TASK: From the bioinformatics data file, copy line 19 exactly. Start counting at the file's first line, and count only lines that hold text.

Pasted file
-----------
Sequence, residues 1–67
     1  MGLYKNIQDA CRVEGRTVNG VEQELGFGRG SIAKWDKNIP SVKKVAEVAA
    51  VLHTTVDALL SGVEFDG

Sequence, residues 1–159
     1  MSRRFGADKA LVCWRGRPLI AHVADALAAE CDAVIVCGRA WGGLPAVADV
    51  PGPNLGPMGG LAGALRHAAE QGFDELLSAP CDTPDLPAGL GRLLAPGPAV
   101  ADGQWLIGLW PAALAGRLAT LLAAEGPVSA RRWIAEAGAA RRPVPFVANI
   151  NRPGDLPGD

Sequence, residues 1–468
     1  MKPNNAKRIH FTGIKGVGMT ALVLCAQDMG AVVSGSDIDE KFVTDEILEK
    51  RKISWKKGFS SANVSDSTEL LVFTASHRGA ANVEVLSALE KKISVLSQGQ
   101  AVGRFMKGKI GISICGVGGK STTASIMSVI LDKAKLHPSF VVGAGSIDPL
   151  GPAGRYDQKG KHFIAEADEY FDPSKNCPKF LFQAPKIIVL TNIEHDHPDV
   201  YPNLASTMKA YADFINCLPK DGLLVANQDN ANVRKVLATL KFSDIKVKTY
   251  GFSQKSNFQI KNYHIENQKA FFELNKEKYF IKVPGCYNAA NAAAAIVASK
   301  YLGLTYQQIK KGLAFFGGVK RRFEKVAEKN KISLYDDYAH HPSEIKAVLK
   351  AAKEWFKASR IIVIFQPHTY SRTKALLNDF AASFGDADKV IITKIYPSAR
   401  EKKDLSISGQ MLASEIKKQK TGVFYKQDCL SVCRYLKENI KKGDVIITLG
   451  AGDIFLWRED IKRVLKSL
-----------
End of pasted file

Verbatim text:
   451  AGDIFLWRED IKRVLKSL